Build a Shed House For Your Office or Guests

How do I build a shed house?

The idea of building a shed house is a very intriguing notion to me. I have always liked the idea of small spaces built for specific uses. The idea of a shed house seems quite unique to me. Now when I say build a shed house, I don’t mean build an eight by ten storage shed and live in it. My vision is a small outbuilding built with the expressed purpose of being livable or useable. Specifically, think of a guest suite, detached office, or sewing room. The list could go on and on.

You might wonder what the point is. If you have been thinking of building a guest room addition to your house, consider all that is involved. Most likely, you will need an architect, contractor, foundation, building permits and inspections. That doesn’t even include the huge cost and mess you have to deal with when doing an addition. As a whole, this is a huge and highly inconvenient undertaking. However, with a detached “shed house” you save on many of these steps. You may still need to pull a permit for some of the wiring or plumbing, but the project will be far less of a headache.

This idea first came to me when my landscaping company was servicing a campground. There were probably close to twenty very small cabins that were brought in and set on blocks just like a mobile home. They usually included only a bathroom and sleeping quarters. It seemed like such a neat little get away. This gave me the idea of doing something similar on my own property as a separate space for guests. You may find that a conventional foundation is unnecessary, causing you to save thousands of dollars.

The biggest advantage to having a separate guest house is the privacy that is afforded to both you and your guests. They can be comfortable in their own space and you will have yours to yourself. I mentioned the cost difference earlier. There is always the option of purchasing a shed at your local box store or shed dealer. Depending on the quality and size, these units can range from under one thousand dollars to several thousands. Generally speaking, the problem you will run into is that these sheds won’t be quite big enough. Even if you finish them out with insulation and drywall, chances are they won’t provide enough space for bathroom, which defeats the point in my opinion. The answer, of course, is to build your own!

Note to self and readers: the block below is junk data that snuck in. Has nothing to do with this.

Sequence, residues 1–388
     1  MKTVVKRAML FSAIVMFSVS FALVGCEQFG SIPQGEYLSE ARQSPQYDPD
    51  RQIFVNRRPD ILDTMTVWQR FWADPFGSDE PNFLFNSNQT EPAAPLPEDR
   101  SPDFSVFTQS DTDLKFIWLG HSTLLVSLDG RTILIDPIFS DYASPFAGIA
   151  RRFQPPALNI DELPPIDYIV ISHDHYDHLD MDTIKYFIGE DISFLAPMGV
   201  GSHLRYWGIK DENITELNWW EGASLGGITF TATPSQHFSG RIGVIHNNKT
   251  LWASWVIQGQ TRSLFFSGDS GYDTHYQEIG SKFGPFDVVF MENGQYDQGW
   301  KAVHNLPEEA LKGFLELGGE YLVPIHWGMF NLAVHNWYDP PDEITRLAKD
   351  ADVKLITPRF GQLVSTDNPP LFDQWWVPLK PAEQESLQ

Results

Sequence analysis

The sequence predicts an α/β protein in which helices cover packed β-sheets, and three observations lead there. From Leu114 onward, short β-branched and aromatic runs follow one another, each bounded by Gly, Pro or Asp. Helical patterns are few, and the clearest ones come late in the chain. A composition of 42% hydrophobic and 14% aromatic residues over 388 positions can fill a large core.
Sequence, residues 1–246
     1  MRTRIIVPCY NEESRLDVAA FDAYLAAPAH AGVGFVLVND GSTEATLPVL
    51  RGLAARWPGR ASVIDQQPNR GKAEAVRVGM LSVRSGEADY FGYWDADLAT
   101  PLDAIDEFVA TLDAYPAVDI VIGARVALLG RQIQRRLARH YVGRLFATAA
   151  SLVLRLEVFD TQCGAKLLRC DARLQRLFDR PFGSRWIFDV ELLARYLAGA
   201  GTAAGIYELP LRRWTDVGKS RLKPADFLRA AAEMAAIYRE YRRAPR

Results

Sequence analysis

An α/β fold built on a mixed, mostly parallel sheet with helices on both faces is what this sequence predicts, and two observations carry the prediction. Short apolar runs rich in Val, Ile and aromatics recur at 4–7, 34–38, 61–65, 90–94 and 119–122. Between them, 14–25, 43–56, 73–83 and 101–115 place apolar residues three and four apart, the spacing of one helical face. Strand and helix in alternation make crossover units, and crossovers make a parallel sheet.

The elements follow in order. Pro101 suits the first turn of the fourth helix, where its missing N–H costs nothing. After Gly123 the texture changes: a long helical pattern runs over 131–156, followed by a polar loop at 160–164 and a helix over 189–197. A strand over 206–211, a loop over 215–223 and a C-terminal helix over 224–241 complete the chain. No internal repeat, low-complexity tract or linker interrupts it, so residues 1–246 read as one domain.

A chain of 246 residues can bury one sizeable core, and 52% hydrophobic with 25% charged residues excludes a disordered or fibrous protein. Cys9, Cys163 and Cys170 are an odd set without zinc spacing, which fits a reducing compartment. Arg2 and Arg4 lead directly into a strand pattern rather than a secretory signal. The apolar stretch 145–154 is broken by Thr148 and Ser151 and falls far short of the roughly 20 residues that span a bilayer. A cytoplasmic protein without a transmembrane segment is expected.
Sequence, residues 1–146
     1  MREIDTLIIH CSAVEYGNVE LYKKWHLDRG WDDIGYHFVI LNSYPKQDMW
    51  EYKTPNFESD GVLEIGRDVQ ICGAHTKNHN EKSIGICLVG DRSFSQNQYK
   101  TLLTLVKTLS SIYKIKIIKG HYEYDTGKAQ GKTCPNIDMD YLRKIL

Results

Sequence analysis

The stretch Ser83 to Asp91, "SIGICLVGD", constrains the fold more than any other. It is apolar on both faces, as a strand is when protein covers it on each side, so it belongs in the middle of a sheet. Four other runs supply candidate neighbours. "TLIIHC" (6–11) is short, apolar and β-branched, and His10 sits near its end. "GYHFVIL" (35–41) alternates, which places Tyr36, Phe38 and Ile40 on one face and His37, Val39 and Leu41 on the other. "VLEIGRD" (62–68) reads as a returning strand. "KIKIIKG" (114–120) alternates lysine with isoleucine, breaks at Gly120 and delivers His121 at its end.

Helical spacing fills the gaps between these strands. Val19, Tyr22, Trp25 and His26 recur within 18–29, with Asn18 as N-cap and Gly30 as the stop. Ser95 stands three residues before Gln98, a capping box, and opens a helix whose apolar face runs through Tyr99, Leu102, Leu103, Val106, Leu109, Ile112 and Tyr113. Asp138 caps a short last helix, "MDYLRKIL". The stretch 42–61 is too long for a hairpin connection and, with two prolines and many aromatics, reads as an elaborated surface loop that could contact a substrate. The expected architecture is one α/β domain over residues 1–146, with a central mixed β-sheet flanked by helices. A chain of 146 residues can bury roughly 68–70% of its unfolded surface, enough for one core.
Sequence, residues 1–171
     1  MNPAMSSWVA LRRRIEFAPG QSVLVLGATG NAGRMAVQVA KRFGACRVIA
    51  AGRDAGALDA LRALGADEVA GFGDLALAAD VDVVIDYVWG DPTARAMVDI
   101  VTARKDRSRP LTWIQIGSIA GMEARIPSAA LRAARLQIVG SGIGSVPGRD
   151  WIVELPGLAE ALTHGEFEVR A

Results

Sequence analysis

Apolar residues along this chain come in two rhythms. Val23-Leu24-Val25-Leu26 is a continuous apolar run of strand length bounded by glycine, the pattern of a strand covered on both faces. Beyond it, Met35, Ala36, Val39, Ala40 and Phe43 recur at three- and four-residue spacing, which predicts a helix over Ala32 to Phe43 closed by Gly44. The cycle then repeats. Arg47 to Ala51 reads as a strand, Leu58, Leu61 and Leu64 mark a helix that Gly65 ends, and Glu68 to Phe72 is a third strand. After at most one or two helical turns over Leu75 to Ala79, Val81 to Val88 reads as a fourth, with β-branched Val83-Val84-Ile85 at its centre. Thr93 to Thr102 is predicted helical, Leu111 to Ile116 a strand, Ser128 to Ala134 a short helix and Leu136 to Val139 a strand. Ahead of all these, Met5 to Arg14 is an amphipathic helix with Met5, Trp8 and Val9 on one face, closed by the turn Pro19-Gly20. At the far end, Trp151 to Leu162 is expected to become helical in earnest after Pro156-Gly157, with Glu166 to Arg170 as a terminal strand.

So, what should you include in your shed house? First, you will need a living/sleeping space. These can be one in the same. A bed and two chairs will do quite nicely; a folding couch is another option to consider. A bathroom and a small closet are necessities. The bathroom doesn’t have to take up too much room if you install a small shower and not a full bath. A small microwave and mini fridge is an option that could really complete the space well. You could do this in about a three foot square area. A small table or section of counter mounted over the fridge to hold the microwave works great. Finish off the “kitchenette”, if you can even call it that, with a single wall cabinet above the microwave for a little dry storage.

For a very minimal cost, you’ve just created an extremely livable guest space. Of course, I mentioned building this yourself. You might feel that because of limited experience it’s just not something you can take on. The best answer is to get plans and instructions. If you have done any research whatsoever, you have most likely seen shed plans for sale online. If you want to finish out your space you will also need some guidance in the area of wiring and plumbing. While you may choose to hire someone to do this part for you, it will be much more cost effective to do it yourself.

The only shed plan package I have found that includes both a wealth of plans and instructions and a manual that covers wiring, plumbing, and much more is “My Shed Plans”. This is a very thorough package and I highly recommend it to anyone who is interested in undertaking a project like this.

Check in the coming months as I am going to be developing material specific to building a shed. I will even post a simple layout to display some suggested dimensions and help you build a shed house. If you would like more information, download my free ebook on planning your shed. Good luck and happy building!

Plans: Shed

Comments 2 comments

Ghost32 3 years ago

I'm always glad to see write-ups on projects of this sort. My wife and I lived full time in a 12' x 16' shed house on 20 acres in the Montana mountains for three years (1999-2002) and loved every bit of it. Due to time constraints (winter was coming and we were living in a tent), plus the joy of finding a local shed builder with bargain rates, we were up and running for $1700 (shell only).

Before we were done, we had it fully insulated (Montana winters, remember), a 4-burner propane stovetop, a couch for Pam's bed and a "bed table" with pads for me, a propane fridge, a full sized bathtub, a small table, satellite TV, a window air conditioner mounted in a special hole I cut in the wall, and a bucket toilet behind a curtain in one corner.

Couldn't beat it.

It was on skids, so no foundation--though we did add skirting.

We've been off grid again since early 2009, down in southern AZ, but this time--though I built the place myself--it's both larger (1,296 square feet) and built from the ground up with a fair amount of creativity (not stick-built completely, in other words).

Voted Up and More.

Johnf970 2 years ago

This kind of game gives a real experience of building a eegaadfefdde

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